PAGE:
Raise your eyes back to the first graph. NIH has a lot of information on PI “type” based on the number of grants / dollars awarded. Some additional relevant information from University or Institute “type”. Does the size of the total NIH extramural portfolio (dollars, numbers of PIs, etc) at local institution influence success? They can, if they choose, do a bunch of retrospective peeking along a given PIs career track to see if a certain funding threshold at various points in the career are associated with success / failure. They need these data to evaluate Michael Eisen’s thresholds, btw.
I plead with you. As you engage in this discussion around and about…on blogs and in real life conversations….try to focus on the data we have. And the analyses that the NIH could conduct in the future. For these latter, demand them over at Rock Talk. Try to temper your knee-jerk “do it to that guy over there, my type of investigator is the BESTEVAH!!!” with some consideration of a larger picture. It is HARD. Believe me I know. Like I said elsewhere, I have no desire to be culled. None whatsoever. So obviously I’m looking very hard for arguments for why my type of scientist, my type of science, my type of job category and my type of institution are providing the best value. Given this, we should all double down on understanding and integrating data if it is available.
Recognizing that some 90 percent of PIs in the NIH system have only one or two RPGs is an example of what I mean.
*yes there are many qualia that could be of interest here.
January 29, 2013
I like competition, don’t get me wrong. I engaged in inter-school competitive sports from freshman year of high school through my senior year of college. I played intramural sports from late high school through the end of graduate school. I’ve done competitive sports outside of school organizations from high school until…yesterday. Essentially uninterrupted.
Nowadays, I spend a solid plurality of my weekends schlepping one kid or another around to a competitive sporting event.
Just milk? sourceI love what competition does for us on many levels, of course. This should be obvious from the above. Of the many benefits, one thing competition does that is most useful is to make us strive to be better. It makes us practice to improve our play and our game. It makes us get fitter, more accomplished, more capable. It makes us attain performance levels we didn’t know we could reach.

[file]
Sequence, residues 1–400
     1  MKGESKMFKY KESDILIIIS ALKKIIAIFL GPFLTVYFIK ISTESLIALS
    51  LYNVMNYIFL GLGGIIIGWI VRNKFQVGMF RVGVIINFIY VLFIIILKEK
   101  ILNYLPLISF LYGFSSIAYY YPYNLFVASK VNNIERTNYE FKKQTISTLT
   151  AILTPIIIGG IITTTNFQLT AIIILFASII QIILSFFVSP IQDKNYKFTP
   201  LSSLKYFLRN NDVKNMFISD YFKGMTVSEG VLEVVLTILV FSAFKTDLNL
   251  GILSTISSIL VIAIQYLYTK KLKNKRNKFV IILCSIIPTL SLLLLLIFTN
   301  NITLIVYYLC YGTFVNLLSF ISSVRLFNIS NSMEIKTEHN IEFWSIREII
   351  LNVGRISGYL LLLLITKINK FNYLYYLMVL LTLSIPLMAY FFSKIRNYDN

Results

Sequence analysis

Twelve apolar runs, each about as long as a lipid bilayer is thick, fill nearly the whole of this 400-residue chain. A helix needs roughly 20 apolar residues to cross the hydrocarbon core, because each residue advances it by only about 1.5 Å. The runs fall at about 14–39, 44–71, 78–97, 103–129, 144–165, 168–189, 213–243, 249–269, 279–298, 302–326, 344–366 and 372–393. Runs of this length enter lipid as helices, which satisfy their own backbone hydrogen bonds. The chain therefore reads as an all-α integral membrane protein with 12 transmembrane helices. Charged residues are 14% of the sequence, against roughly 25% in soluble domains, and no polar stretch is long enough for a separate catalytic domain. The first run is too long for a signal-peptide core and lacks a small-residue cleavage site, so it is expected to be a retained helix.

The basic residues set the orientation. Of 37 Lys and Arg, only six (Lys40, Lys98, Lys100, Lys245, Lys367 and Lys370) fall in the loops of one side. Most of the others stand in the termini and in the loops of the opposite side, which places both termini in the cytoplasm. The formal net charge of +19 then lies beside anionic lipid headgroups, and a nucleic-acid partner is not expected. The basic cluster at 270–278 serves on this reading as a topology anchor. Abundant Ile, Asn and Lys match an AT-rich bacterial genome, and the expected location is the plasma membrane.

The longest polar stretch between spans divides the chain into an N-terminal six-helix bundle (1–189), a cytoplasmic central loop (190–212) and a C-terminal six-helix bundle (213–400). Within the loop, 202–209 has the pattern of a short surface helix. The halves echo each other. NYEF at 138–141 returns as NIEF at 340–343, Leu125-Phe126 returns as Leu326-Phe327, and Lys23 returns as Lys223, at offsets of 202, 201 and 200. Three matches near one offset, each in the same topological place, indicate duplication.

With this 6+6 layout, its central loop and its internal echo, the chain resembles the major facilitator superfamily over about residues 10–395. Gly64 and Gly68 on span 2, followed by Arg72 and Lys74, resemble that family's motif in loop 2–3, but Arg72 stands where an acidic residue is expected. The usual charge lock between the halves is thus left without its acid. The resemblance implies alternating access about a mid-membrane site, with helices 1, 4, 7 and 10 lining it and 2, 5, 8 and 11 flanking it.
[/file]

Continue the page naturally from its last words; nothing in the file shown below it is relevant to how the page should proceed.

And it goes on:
This is true in science as well.
Science is indeed a competitive business, as most of my Readers know full well.
We positively reify the markers of success- getting a particular scientific discovery first. Accomplishing some demonstration or discovery with the greatest panache. Coming to a realization or theory that changes the way everyone else thinks about a topic. Creating a medical therapeutic approach…or the basis for such a thing. The accolades are both arbitrary (prizes, “respect”) and specific (grant funding, jobs of increasing worth, etc). At heart, scientists are trying to learn things about the function of the natural world and so there is an overlying competition to advance knowledge.
In all of this, the pot is sweetened by the competition. The scientist receives part of her respect not merely for accomplishing a certain task but for doing it before, or better than, the next scientist.
This reality can be fantastic for science. As in sport, the competition makes us work harder, make us work to up our game and motivates our excellence. This speeds the advance of knowledge. One of my favorite formative anecdotes was the late 80s-mid 90s competition between several laboratories to comprehensively identify the role that various medial temporal lobe structures (e.g., the hippocampus) played in memory function. In this case the competition was made more acute (as it often is in science) by disagreement. One lab thought structure X really did Y and another insisted it did Z. Or Y’, perhaps. And every year the Society for Neuroscience annual meeting would have a hilarious slide session in which the labs would bash away at each other. Almost always…pointedly. Sometimes in semi-personal attacks. Then they would scurry back to their labs, publish a paper or three and come back next year ready for more battle with their latest results. Understanding was advanced.
This is where we depart from competitive sports.
The key feature in my anecdote is that the labs would publish. Most if not all of their results. And they would discuss their latest findings at meetings. With. their. competitors. Knowledge was built not just by the major players but by anyone else who cared to chip in as well. Because there was a superseding goal that went beyond the simple question of who crossed a line first or who scored the most points.